The invention is now ready to be operated. The vehicle is started and run with the transmission in park and the fluid level of pan 119 is checked and corrected if out of the range desired. The used fluid contained in transmission 109 is now circulating through cooling line 127 into hose 105 through stem 106 which is connected to hose 105 by quick connector 116 and into the invention, through the invention, and out of the complete fluid exchanger 120 (FIG. 7) and back through hose 104 and into the cooling return line 129 as the complete fluid exchanger 120 (FIG. 7) functions in an Off/bypass mode with the transmission operating in park (indicated with dotted lines at main valve 49). The used fluid flows from line 127 to hose 105 to flow alignment valve 145, through valve 145 into line 175 to used meter 177.
The used fluid from hose 105 then flows from meter 177 through line 183 to main valve 149, through main valve 149 and into bypass line 185 and back through valve 149 to line 147, through line 147 to alignment valve 145, through alignment valve 145 to input/output hose 104, and through quick connector 114, through stem 110 and into cooling return line 129 which carries the used fluid back into transmission 109.
Flow alignment valve 145 is controlled in response to the direction of flow indicated at meter 177. Flow alignment valve 145 is a two position flow direction selector valve which switches direction of flow between lines connecting valve 145 and main valve 149, thus providing the capability to randomly connect the input/outlet hoses 104 & 105 to either side of opened cooling circuit 127/111/29. Alignment valve 145 permits quick alignment of the direction of flow in cooling circuit 127/111/29 with the direction of flow in the two main subsystems, the used fluid extraction system and the fresh fluid introduction system which are contained in the complete fluid exchange system. In the embodiment illustrated in FIG. 8 valves 145 & 149 and used flow meter 177 are mechanically operated and can also be electrically operated, microprocessor controlled, and electronically indicating. While very sophisticated electronic microprocessor combinations can be used to make the contents of the invention more compact, they certainly retain the same principles or art utilized in FIG. 8 and should not be considered significant variants of the novel art presented herein.
Also, valves 145 & 149 as depicted in FIG. 8 are illustrated in most basic form for simplicity of illustration. Various other more dispersed variants comprised of multiple solenoid or manually operated subunits can be utilized which operate under the same principle of art when examined in unity, but do not vary from the actual scope of what is illustrated in this embodiment.
If the used fluid is flowing through cooling circuit 127/111/29 such that when randomly connected to the invention with valve 149 in its Off/bypass mode (dotted line) meter 177 indicates that the flow is not in alignment with the invention, then flow alignment valve 145 is actuated to its second, alternate position which institutes a flow alignment condition which is clearly indicated at meter 177.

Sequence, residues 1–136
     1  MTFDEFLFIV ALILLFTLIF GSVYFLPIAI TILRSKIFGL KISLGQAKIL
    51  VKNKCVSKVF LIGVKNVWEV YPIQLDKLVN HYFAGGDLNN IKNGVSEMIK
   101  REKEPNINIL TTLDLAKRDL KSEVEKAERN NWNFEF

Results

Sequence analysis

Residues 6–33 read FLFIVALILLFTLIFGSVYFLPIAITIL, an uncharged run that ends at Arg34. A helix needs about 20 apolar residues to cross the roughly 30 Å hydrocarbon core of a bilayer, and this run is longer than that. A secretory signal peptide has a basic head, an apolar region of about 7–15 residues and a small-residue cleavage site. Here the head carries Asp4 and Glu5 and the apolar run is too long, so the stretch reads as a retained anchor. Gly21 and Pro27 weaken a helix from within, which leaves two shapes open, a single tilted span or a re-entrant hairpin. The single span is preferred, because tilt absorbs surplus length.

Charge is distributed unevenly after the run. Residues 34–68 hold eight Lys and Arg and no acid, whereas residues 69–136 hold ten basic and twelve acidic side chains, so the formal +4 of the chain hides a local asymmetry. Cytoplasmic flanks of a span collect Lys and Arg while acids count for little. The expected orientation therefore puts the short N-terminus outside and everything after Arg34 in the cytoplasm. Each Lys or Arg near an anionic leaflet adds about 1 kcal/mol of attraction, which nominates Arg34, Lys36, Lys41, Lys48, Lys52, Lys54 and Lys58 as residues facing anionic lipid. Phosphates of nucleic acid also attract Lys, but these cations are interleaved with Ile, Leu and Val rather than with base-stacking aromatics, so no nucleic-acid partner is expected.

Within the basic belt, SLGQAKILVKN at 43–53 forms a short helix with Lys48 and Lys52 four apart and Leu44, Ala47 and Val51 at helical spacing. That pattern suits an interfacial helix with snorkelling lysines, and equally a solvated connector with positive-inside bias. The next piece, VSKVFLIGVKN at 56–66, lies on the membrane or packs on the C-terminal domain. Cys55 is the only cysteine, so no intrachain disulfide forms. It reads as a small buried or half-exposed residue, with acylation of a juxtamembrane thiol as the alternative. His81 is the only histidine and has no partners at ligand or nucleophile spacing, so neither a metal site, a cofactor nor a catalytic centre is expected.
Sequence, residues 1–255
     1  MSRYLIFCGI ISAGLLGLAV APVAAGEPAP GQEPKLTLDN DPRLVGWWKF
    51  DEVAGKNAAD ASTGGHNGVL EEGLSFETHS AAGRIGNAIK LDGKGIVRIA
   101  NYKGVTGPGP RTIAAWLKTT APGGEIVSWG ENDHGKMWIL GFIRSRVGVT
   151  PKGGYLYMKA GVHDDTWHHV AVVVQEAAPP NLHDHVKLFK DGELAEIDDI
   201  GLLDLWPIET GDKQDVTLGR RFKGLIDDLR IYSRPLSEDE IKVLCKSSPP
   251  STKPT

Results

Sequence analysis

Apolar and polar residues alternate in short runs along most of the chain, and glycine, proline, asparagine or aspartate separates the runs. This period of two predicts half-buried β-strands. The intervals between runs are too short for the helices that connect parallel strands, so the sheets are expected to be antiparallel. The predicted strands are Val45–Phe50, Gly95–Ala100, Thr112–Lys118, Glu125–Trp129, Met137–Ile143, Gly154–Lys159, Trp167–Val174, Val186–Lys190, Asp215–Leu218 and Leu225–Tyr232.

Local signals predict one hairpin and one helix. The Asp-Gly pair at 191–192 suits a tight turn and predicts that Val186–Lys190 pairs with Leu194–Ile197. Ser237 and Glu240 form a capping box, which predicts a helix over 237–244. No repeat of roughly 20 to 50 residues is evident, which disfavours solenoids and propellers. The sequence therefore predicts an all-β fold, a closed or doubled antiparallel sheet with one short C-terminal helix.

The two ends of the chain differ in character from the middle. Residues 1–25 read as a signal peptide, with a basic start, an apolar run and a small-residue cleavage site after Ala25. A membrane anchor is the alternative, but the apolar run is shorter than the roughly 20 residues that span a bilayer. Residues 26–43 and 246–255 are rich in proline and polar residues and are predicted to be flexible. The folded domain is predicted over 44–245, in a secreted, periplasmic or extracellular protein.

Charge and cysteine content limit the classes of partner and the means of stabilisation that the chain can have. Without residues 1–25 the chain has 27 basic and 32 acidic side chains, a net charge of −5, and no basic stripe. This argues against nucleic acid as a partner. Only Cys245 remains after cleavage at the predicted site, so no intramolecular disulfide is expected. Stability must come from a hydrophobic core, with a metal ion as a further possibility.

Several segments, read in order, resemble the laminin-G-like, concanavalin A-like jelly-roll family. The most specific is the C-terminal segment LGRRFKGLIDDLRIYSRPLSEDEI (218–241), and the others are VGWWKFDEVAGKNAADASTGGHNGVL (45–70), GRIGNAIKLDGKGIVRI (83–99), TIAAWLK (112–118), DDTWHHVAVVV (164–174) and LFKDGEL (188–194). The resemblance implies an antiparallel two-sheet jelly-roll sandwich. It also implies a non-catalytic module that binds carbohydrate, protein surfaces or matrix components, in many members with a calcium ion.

Meter 177 then indicates proper flow alignment, and also indicates the rate of flow at which the used fluid is being circulated through cooling circuit 127/111/29 as bypassed through closed loop 185 and the operator makes note of this.
Because main valve 149 is in its Off/bypass position (dotted lines), the used fluid passes only through the valve ports connected to both sides of bypass line 185. The operator then uses sample tap 187 to draw a sample of the used fluid circulating in the cooling circuit into a clear sample vial to later give to the vehicle's owner.
The engine is then turned off which inactivates transmission 109 placing it in a static mode. Electrical supply switch 196 is then activated by the operator which activates auxiliary pump 135 which applies low pressure to the used fluid in pan 119 via tube 115. Tube 115 is a clear hose which allows the operator to visually monitor the presence and approximate clarity (estimated degree of non-contamination) of the used fluid which then is forced by air pressure into line 115, through pump 135 and then deposited in used receptacle 121.
The actual clarity of the used fluid being extracted is indicated by clarity indicator 181, which in a microprocessor operated embodiment, provides electronic indicating signals to the microprocessor.
When the operator notices that the used fluid from pan 119 passing through tube 115 runs out and only air is being pushed through the line by atmospheric air pressure, suggesting the pan is near empty or empty, the operator activates electrical supply switch 167 which activates main pump 165 which applies low pressure to the fresh fluid contained in tank 123 through lines 171 & 169. This causes the fresh fluid to move into inlet port 170 of pump 165 where pressure is applied to force it into line 163 and all other lines down line from line 163 which will be connected to it when main valve 149 is activated.